30 days later, health reform still misunderstood
April 23, 2010
The unique employment scenarios in Park City have many businesses confused as to what federal health care reform will mean to them.
On April 22, the Park City Chamber/Bureau hosted a special event for members featuring Jeff Kluge, a senior consultant with GBS Benefits, Inc who explained some of the changes.
Yet, many are still in the dark as to how the changes will impact seasonal employers.
For example, only companies with over 51 employees will be required to provide coverage or vouchers for coverage. Companies with less than 25 employees can qualify for significant tax credits to help pay for employee plans.
Many businesses in Park City have fluctuating ranks depending on the season. They are unsure how many qualify under the new rules.
Chamber/Bureau President and CEO Bill Malone said he heard seasonal businesses get certain exemptions, but only for people they employ less than 120 days. Park City’s ski seasons average 145 days.
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If he heard correctly, Malone said the resorts could consider shortening their season if savings under the new rules exceed profits gained those three weeks.
Kluge said he didn’t know the answer, but sympathized with the confusion since many fine details concerning other aspects of the reform aren’t even worked out yet. The two bills Congress passed in March frequently outlined policies that will be written by certain agencies by particular deadlines. That means the full implications of some of the reforms can’t be known yet.
Nor is it clear that all the parts of the bills that have been finalized will have the desired results. For example, it has become so expensive to provide insurance for an aging worker or an employee with a large family that it will likely be cheaper for some to deny coverage and pay the $2,000 fine. Some of the mandates for individual coverage likewise impose such minimal fines they may be ignored, Kluge said.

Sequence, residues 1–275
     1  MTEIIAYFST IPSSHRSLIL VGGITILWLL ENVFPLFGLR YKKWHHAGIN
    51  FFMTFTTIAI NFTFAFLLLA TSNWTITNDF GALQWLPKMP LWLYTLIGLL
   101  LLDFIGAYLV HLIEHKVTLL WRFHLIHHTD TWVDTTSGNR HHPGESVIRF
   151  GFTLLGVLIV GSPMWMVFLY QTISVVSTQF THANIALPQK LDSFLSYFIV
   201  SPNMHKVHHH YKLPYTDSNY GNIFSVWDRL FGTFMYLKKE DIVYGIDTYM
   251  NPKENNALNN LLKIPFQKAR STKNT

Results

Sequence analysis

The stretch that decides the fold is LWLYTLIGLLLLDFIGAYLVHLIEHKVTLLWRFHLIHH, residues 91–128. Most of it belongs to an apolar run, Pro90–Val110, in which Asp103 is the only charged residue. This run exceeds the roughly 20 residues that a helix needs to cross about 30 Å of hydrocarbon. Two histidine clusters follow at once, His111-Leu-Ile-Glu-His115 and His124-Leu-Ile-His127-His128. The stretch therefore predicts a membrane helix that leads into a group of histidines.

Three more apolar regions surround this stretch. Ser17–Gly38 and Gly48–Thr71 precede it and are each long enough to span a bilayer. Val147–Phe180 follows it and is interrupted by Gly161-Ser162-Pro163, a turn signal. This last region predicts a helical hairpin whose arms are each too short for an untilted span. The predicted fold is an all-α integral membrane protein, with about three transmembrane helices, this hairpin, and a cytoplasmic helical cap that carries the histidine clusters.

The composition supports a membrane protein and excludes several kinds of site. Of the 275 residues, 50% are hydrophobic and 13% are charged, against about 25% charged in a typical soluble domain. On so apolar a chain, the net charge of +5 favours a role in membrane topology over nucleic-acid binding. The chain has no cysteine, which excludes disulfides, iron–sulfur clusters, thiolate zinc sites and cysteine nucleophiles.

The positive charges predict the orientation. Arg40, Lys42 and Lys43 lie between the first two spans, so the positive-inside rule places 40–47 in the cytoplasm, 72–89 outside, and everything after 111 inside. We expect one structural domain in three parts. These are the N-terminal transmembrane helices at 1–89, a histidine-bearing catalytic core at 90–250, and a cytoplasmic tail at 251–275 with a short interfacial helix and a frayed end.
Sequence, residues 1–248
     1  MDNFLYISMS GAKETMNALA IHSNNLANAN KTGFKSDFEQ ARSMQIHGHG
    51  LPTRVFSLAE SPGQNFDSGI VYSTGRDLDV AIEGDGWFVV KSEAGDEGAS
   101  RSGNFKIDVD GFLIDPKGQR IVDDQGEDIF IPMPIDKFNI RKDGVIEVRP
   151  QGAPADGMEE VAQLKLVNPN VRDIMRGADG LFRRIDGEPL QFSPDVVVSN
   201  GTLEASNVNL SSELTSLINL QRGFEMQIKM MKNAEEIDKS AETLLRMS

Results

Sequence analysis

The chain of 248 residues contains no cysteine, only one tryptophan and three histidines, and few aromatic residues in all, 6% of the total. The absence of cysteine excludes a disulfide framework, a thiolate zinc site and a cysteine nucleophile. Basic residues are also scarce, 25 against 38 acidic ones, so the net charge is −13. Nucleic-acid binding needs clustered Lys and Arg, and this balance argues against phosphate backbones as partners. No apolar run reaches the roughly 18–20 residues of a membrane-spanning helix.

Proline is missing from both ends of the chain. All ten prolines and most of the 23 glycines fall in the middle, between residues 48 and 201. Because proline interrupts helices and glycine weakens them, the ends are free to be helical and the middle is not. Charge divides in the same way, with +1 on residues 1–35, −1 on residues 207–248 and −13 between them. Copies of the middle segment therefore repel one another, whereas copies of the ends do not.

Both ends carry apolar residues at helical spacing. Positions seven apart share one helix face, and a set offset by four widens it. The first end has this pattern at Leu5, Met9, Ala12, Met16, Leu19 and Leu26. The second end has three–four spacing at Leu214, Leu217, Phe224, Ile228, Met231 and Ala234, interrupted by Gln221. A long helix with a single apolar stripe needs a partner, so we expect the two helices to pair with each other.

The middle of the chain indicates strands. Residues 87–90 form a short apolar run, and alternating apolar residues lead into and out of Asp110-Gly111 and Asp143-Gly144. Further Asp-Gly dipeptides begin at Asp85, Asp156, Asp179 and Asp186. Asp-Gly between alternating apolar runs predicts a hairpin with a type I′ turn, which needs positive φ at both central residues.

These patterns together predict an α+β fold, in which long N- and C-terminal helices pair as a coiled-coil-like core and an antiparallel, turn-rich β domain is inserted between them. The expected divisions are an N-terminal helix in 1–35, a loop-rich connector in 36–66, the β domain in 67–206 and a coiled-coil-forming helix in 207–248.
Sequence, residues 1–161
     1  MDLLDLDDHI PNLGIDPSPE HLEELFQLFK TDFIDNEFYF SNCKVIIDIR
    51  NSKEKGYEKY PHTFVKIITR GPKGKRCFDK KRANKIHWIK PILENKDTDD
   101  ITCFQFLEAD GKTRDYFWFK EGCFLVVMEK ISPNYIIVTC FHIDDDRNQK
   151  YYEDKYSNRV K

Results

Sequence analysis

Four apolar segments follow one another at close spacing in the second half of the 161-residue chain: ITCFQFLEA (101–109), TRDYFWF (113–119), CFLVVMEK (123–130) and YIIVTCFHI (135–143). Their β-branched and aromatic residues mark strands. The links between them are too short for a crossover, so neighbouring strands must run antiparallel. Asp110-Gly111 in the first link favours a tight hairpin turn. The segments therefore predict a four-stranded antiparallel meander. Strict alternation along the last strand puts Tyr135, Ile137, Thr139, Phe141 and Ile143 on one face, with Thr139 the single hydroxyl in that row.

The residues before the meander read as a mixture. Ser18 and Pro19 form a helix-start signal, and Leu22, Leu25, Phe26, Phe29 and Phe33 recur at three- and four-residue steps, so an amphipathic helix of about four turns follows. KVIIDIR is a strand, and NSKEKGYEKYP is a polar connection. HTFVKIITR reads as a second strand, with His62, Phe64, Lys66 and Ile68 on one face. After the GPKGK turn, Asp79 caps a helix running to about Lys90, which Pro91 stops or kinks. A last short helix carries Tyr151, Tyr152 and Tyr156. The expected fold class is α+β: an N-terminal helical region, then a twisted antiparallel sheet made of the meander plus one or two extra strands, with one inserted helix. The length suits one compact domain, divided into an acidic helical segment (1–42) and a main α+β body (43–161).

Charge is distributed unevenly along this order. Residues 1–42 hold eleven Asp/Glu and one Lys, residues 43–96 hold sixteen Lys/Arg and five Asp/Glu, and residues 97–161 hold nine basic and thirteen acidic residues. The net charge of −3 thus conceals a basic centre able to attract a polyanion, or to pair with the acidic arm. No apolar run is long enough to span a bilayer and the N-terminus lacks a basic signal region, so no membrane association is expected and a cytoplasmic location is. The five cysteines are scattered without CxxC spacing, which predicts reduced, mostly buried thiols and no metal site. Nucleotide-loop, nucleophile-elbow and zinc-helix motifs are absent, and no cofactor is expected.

Also, states are required to set up insurance exchanges in the coming years. Utah is "ahead of the curve" with its Utah Health Exchange, but the program has problems, he said.
It’s set up to offer more choices to consumers; it has the potential to give residents 50 different plans to choose from. But most people struggle with understanding the industry jargon and have great difficulty knowing what kind of coverage is best for them. Sometimes fewer choices are better, he said.
What is clear is that many of the changes will likely cost individuals and businesses more money, he said.
Individuals making less than $90,000 can apply for help to buy insurance. That’s most Americans, he said, and the assistance would be funded with taxes. Employers will also be required to report health benefits on W-2 forms. Even though those expenses are supposed to be tax-free, the government rarely asks for information on those forms it doesn’t plan to tax, he said.
And while it’s good news that insurance companies won’t be able to deny people with pre-existing conditions, that policy will make coverage more expensive, Kluge said.
He has asthma a preexisting condition that, although minor, makes him ineligible for many plans, he said. His medication costs $5,000 every year and even though he’s healthy otherwise, he brings that burden to whatever plan he joins.
"All these mandates we’re adding are going to make it hard to keep costs down," he said.
The federal government has argued that forcing more people into insurance plans should spread the risk and the cost. Kluge said that may lower costs eventually, but rising taxes and rising premiums are likely in the short term.
Requirements for employers to report information to the government and employees has become more complicated as well. That’s likely to tax human resource departments already overwhelmed by the changes, he explained.
Sharon Kellner with Gemstone Hotels & Resorts said her company manages hotels in other states. They don’t all have the same plans or schedule for renewals, so she performs tasks every few months that other people in her professional only do yearly.
Rebecca Crandall with Snowflower Property Management said the process is already so complicated she’s beginning now to prepare for a deadline six months away. Both said they’re overwhelmed by the work the changes may create and are worried about the extra expenses their employers may have to pay.
"We want the benefits of reform, but can we afford them?" Crandall asked.
"I don’t know exactly where they’re going or how they plan on going there," Kellner said. "How do you cover everybody without charging a whole lot more? It’s a behemoth."
Crandall had another concern echoed by many attendees at the meeting. As the new policies become better understood, it appears young and healthy people will no longer be allowed special breaks on insurance costs. Instead, they’ll be required to help subsidize coverage for the ill.
"It’s like a penalty for those who are healthy," Crandall said.